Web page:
Though uncommon, a small number of patients may have serious structural injuries to their neck (cervical spine) with a concussion. Those with significant neck pain, substantial loss of range of motion, or specific neurological signs may benefit from an X-ray.
MRI or CT Scans
The majority of MRIs and CT scans are negative for those with post concussion syndrome (6). In those uncommon cases where head scans show changes in structure or scarring related to a brain injury, this information rarely helps to guide treatment. This is due to the individual differences between patients, and the unique brain stimulation that each person is exposed to each day. However, research in this area is moving quickly and there is strong potential for brain scans to be helpful in the assessment and treatment of PCS in the future.
When is an MRI / CT Scan useful?
- They have little value when symptoms are relatively stable
- Are important if symptoms are rapidly increasing in the initial 3 days of concussion injury. Some worsening signs include: trouble speaking, difficulty coordinating movements of hands, fingers, feet, legs, unbearable headache, persistent vomiting, vision loss.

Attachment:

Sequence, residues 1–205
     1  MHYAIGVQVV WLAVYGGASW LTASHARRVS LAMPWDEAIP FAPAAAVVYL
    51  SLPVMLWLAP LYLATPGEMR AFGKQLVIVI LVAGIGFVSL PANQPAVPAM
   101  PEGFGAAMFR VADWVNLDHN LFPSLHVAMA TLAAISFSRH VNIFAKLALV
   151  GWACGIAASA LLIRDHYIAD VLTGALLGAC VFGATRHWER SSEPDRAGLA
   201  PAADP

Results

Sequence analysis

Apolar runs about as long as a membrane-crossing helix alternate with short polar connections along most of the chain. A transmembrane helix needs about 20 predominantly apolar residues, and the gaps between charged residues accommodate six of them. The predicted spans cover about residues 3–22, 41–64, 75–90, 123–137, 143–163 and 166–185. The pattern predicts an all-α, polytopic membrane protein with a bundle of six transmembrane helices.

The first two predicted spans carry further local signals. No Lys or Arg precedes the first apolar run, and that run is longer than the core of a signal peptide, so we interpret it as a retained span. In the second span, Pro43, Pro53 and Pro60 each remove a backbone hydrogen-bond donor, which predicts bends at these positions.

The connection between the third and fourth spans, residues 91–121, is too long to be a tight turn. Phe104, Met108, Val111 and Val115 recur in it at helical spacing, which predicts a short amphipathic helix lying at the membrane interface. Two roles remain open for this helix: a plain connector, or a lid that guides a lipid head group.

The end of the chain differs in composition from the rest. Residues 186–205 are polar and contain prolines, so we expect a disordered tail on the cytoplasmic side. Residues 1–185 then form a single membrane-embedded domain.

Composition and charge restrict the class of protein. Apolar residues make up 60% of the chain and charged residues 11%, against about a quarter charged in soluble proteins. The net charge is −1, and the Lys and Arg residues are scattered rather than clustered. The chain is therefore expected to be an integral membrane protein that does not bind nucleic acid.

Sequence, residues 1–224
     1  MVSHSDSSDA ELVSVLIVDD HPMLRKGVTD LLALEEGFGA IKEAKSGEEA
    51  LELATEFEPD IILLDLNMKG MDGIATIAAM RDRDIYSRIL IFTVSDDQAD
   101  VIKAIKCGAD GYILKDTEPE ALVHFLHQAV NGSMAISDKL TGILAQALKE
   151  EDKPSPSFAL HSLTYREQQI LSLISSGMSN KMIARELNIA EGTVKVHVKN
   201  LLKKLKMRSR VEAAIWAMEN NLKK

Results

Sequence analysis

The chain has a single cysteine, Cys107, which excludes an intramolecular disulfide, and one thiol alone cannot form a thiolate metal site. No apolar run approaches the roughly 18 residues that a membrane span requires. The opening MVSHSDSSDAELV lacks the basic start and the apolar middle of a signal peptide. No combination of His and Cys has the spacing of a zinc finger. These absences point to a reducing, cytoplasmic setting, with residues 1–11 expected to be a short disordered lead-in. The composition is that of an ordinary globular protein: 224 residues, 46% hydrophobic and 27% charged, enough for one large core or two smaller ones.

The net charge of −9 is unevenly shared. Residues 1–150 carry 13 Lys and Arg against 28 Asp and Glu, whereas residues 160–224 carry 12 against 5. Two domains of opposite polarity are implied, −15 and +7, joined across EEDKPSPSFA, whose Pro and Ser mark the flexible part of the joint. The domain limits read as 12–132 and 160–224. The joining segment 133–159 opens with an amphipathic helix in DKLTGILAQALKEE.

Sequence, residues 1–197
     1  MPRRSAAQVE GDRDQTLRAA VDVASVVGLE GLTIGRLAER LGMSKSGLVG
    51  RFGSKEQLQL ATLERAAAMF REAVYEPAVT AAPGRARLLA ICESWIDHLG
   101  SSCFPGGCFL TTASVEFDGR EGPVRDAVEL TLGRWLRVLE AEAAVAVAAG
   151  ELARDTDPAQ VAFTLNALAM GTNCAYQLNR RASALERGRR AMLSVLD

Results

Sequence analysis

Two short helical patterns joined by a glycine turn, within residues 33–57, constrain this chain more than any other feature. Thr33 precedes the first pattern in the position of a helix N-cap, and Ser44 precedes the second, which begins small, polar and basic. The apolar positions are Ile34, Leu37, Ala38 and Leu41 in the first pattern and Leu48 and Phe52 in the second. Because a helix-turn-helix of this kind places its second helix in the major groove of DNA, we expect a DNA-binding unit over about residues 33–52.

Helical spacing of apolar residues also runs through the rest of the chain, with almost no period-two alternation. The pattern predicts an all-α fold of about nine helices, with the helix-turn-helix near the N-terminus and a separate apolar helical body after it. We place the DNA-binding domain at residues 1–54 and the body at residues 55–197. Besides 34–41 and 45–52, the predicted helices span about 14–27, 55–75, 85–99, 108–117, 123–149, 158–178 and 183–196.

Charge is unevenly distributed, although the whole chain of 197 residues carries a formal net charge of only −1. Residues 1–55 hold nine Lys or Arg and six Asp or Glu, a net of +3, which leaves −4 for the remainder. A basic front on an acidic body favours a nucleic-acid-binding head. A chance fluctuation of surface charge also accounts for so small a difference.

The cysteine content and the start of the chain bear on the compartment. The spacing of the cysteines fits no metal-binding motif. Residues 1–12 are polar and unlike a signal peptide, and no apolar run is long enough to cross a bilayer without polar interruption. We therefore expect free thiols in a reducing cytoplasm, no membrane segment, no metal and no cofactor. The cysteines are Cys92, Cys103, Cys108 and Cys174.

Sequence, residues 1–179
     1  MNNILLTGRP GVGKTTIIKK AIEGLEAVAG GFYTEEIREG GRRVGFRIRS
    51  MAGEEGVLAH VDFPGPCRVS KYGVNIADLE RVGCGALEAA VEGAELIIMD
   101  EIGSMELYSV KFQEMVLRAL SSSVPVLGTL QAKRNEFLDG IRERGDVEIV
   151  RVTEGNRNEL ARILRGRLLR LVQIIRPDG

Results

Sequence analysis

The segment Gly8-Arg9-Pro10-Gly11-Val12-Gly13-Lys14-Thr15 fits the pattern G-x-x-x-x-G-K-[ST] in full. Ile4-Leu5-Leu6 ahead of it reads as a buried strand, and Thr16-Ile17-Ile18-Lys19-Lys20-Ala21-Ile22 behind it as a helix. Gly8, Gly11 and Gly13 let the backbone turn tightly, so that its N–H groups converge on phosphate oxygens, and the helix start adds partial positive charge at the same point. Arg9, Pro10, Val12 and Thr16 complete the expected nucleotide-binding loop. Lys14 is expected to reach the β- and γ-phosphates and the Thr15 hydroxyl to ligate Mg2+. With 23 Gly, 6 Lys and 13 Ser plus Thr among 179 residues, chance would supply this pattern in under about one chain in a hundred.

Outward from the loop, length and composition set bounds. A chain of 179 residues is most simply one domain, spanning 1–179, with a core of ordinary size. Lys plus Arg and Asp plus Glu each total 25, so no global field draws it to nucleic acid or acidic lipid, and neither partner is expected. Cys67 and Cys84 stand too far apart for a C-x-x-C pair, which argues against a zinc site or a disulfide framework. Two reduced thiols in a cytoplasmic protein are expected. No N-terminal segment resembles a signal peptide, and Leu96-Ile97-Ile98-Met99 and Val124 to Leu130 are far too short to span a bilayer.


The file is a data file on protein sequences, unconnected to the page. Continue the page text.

- If severe symptoms persist well into weeks and months, to rule out a chronic subdermal hematoma (slow brain bleed).
Post Concussion Treatment
Early in the 20th century, concussions were though of as minor issues and were assumed to heal on their own. Then as concussions became recognized as legitimate disorders, post-concussion symptoms were treated with rest and monitoring, and patients may have been given generic written guides to follow. However, there has been growing evidence that this approach can actually prolong recovery and patients may be left with long term brain impairments and concussion symptoms (7) (8) (9).